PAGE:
Since the the Long Walks of the 1860’s Navajo people have wrestled with the problems of acculturation and assimilation, while trying to preserve their spiritual and cultural foundations. Though history has negatively affected Navajo wellbeing (happiness), sustainable Navajo principles and practices act as a positive counterweight.
Aspiring to build the most socially and environmentally sustainable chapter house possible, the Navajo Nation’s Tonalea Chapter collaborated with our ASU research team. Two roundtable discussion with Chapter elders and members, led to a vision foundation that embodies physical, functional and environmental conditions, as well as cultural and spiritual beliefs and values.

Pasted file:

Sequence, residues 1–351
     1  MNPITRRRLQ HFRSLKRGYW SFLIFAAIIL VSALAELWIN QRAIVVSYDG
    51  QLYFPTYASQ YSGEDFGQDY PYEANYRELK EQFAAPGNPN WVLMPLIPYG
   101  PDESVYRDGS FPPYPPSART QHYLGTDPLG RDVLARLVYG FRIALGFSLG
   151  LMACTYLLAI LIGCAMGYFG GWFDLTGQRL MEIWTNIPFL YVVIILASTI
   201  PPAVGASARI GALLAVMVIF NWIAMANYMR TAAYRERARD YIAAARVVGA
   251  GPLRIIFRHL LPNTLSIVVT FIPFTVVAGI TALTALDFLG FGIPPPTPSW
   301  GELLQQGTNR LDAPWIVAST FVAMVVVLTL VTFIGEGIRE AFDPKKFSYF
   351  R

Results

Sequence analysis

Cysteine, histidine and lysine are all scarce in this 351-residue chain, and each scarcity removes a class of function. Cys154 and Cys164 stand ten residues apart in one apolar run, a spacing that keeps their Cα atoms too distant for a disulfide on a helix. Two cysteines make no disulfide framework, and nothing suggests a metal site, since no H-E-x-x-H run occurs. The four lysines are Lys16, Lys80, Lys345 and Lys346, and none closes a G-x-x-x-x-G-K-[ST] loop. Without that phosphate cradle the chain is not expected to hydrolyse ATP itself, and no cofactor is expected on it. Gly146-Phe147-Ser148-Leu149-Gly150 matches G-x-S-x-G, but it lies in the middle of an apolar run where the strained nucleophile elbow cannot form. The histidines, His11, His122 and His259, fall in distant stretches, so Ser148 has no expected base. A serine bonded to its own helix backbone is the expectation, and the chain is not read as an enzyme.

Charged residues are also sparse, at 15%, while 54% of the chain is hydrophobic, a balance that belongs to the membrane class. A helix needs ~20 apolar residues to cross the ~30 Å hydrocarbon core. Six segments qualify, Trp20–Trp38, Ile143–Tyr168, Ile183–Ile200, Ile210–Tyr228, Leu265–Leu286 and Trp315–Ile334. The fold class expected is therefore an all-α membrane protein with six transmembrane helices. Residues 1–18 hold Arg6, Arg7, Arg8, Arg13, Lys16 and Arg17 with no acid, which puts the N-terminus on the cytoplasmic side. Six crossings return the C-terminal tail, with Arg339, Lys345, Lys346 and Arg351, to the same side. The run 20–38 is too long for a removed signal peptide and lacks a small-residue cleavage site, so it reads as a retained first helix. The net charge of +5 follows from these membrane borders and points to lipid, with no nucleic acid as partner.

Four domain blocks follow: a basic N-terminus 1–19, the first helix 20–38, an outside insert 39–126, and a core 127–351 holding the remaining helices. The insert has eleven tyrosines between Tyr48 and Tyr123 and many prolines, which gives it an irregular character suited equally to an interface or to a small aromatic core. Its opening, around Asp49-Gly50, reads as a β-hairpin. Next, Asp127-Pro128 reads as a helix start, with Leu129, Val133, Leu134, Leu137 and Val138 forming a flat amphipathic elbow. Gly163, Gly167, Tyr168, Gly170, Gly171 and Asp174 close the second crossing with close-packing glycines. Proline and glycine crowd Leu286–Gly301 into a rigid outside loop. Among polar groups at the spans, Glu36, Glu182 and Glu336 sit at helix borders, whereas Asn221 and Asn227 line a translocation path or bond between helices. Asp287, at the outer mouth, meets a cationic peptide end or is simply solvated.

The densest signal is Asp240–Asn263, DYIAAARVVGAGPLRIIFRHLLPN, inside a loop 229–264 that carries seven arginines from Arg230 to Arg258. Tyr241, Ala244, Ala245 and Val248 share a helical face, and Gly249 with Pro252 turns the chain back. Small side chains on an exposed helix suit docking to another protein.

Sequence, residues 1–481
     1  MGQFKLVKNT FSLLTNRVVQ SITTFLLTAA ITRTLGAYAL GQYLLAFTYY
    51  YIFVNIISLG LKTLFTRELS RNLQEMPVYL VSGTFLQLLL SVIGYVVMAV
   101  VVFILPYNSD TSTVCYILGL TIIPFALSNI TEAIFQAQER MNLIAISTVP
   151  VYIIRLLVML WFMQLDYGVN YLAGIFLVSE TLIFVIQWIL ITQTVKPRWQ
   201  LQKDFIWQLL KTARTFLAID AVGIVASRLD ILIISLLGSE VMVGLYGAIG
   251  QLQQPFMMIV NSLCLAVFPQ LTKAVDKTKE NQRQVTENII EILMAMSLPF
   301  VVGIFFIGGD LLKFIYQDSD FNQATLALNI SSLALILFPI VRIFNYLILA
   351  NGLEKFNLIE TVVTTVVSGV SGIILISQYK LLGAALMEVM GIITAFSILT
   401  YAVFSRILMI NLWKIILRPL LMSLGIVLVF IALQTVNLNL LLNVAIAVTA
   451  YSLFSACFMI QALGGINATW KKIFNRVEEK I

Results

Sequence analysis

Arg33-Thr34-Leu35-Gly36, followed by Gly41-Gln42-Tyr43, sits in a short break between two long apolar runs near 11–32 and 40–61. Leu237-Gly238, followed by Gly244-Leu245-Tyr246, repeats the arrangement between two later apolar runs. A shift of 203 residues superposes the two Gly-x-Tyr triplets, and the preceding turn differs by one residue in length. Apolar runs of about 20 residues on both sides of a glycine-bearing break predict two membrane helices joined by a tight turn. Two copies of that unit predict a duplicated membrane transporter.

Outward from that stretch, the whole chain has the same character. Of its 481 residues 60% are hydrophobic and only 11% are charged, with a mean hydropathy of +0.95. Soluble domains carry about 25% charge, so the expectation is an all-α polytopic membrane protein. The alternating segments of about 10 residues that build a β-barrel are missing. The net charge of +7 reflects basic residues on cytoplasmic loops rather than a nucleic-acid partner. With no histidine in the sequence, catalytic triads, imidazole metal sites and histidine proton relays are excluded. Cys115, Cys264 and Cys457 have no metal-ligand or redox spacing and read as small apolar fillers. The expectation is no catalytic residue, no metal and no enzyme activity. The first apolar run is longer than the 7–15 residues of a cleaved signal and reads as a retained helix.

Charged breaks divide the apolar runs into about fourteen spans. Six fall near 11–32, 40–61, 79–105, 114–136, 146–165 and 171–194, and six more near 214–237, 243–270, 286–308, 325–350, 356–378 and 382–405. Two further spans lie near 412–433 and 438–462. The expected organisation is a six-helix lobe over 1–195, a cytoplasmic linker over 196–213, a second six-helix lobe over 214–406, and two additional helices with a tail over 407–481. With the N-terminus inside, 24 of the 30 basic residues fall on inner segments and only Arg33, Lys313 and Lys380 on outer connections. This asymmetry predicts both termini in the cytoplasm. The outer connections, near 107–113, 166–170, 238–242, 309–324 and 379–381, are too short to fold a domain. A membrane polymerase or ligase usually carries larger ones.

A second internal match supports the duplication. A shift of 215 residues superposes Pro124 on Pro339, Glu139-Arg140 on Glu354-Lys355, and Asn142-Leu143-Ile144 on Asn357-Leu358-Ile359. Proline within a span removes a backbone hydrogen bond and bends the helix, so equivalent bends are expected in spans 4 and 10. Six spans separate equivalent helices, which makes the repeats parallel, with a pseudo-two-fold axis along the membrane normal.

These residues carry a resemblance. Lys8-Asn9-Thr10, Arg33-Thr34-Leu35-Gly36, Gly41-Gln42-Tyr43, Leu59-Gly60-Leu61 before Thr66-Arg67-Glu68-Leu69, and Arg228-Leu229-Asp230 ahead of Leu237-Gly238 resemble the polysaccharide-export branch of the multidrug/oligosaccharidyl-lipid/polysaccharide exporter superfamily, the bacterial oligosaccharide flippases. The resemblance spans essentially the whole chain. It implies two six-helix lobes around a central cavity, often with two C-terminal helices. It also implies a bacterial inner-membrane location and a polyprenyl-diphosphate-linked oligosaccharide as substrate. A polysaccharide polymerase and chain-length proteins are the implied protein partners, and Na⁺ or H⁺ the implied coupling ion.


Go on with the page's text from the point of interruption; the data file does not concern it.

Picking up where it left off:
Initially, Houde’s (2007) Six Faces of Traditional Ecological Knowledge (TEK) were used to sort commentary. Analysis and review led to expanding the framework from six to eight traditional ecological knowledge categories (TEK8): Culture, Spirituality, Ecosystem, Time, Land, Design, Social Justice and Equity, and Economics.
Sorted narratives and discussions revealed traditional ways of life, beliefs, and values, along with suggestions about who to design for, and what functions are most needed. Based on the TEK8 categorized comments, design recommendations were offered.
Additional work is needed, but a strong foundation for a framework mapping TEK to sustainable design for indigenous people has been developed. By using the TEK8 to address social justice issues through participatory visioning, culturally appropriate design and broader opportunities for happiness may result.